Achimota School ordered to admit Rasta students

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SCHOOL students STUDENT court

The Human Rights Division of the Accra High Court has ordered Achimota Senior High School to admit Tyron Iras Marhguy, a Rastafarian student who was refused admission by the school because of his dreadlocks.

In a ruling Monday afternoon, the Human Rights Court One presided over by Justice Gifty Adjei Addo held that failure to admit the applicant because of his dreadlocks, which is a manifestation of his religious right is a violation of his human right, right to education, and dignity.

The court has therefore ordered the school to admit Marhguy to continue his education.

Ahead of the judgment, the court clerk instructed journalists to leave the courtroom with the exception of only parties to the case.

The court premises was fully packed with Rastafarians who are sympathizers to Marhguy.

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Suit

Marhguy, filed the suit through his father at the Human Rights Division of the Accra High Court on March 31 this year to seek the enforcement and declaration of his right to education.

The suit has the board of governors of the Achimota School and the Attorney-General as first and second respondents respectively.

The Attorney General had argued previously in court that the applicant had no cause of action because nothing within the scope of his right to education and religion had been infringed upon.

Counsel for the Board of Governors of the Achimota School, Mr. Kwesi Fynn also argued that the curtailment of the right of the Rastafarian students through the school’s rules as provided under Article 14 clause one of the constitutions of Ghana.

However, counsel for Marhguy, Mr. James Gawuga Nkrumah, insisted that the right of his client had been infringed.

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Admission

The issue of refusal of admission to master Tyron Iras Marhguy by the headmistress of the school became the talk of the town months ago, with the Ghana Education Service, civil society organizations, NGOs, and individuals offering divergent opinions about the matter.

The applicant, through the civil action, was asking the court to declare that the failure and or refusal of the school to admit or enroll the applicant on the basis of his Rastafarian religious inclination, beliefs, and culture characterized by his keeping of rasta is a violation of his fundamental human rights and freedoms guaranteed under the 1992 Constitution, particularly Articles 12(1); 23; 21(1)(b)(c); 26(1)); and 17(2) and (3).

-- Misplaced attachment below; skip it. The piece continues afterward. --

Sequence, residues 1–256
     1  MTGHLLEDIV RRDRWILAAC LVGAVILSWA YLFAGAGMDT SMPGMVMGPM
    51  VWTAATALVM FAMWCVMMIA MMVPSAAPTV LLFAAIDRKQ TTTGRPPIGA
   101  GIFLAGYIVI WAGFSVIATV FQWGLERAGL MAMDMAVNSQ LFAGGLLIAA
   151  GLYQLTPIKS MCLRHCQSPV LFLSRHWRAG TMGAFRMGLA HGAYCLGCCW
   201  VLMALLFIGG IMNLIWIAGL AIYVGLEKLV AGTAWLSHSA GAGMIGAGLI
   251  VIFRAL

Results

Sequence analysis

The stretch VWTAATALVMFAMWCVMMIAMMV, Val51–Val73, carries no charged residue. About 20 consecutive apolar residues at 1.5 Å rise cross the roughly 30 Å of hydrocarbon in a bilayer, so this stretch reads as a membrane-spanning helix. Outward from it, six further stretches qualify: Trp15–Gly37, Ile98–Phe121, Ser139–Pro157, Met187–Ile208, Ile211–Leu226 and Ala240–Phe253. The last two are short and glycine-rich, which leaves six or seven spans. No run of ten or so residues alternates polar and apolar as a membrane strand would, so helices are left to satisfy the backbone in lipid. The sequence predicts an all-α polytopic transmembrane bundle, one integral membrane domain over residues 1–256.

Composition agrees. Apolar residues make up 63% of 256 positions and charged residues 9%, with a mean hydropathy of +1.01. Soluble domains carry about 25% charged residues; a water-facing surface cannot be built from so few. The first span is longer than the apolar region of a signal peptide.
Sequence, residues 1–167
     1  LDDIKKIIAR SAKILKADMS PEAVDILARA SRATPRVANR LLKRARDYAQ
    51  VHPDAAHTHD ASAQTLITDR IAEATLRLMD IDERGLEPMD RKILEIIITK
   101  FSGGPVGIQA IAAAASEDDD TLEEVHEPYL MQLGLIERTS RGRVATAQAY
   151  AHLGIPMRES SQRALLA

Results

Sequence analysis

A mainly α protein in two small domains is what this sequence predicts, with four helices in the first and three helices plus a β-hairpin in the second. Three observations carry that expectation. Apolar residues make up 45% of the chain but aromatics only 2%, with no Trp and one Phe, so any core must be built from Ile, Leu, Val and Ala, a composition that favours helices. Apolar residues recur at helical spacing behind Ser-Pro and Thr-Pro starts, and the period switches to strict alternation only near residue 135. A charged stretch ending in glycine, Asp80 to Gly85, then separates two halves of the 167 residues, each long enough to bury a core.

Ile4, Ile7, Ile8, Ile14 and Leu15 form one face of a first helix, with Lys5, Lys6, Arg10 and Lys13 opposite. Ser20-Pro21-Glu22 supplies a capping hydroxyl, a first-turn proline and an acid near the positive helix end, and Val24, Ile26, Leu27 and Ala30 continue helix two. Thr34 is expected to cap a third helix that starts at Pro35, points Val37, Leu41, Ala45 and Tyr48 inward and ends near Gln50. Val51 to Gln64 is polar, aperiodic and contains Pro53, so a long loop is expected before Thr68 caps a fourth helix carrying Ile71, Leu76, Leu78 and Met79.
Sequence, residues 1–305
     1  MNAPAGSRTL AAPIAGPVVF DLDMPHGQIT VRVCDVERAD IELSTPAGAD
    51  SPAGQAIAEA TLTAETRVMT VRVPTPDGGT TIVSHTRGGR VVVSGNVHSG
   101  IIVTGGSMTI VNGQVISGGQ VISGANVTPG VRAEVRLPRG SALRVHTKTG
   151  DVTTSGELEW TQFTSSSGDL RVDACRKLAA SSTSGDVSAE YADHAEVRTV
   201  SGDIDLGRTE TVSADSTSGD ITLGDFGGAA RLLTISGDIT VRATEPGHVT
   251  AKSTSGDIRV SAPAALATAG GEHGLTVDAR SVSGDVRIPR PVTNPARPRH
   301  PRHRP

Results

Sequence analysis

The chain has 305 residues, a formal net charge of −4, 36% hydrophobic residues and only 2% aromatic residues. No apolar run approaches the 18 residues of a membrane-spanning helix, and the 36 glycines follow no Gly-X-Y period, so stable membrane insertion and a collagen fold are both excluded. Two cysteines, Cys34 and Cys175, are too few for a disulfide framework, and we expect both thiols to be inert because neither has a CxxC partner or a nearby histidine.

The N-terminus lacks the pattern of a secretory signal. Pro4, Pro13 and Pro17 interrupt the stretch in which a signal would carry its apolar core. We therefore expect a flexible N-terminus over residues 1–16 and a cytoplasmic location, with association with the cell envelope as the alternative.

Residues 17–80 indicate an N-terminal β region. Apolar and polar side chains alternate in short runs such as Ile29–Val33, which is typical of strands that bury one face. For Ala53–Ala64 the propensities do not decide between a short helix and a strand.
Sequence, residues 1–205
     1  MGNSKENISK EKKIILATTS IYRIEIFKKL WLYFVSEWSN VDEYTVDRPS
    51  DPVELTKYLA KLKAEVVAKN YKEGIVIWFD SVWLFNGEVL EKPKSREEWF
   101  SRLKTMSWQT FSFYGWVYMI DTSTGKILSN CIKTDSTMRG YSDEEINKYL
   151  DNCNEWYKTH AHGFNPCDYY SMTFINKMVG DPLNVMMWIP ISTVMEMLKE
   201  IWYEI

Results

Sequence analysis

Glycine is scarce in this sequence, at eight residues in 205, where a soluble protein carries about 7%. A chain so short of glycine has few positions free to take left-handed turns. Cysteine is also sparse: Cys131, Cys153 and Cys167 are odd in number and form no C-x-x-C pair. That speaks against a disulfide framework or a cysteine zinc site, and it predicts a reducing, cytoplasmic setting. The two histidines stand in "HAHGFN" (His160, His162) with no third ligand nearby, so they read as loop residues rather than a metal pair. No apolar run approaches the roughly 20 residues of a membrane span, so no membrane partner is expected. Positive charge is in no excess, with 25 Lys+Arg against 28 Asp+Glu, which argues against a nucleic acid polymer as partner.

Master Marhguy wanted the court to declare that the failure and or refusal of the school to admit or enroll him on the basis of his Rastafarian religious inclination, beliefs, and culture characterized by his keeping of rasta is a violation of his right to education guaranteed under Articles 25(1)(b),m and 28(4) the 1992 Constitution;

He prayed the court for a declaration that the order directed at him by the representative of Achimota School to step aside during the registration process on the basis of his religious belief characterized by the keeping of rasta is a violation of his right to dignity guaranteed under Articles 15(1) and 35(4),(5) of the 1992 Constitution.

A declaration that there is no lawful basis for the school to interfere with the applicant’s right to education based on his rasta through which he manifests or expresses his constitutionally guaranteed right to religion and to practice and manifest same.

He further urged the court for an order directed at the school to immediately admit or enroll the applicant to continue with his education unhindered.

Compensation
The applicant asked the court for an order directed at the respondent’s to jointly and severally compensate the applicant for the inconvenience, embarrassment, waste of time, and violation of his fundamental human rights and freedoms.

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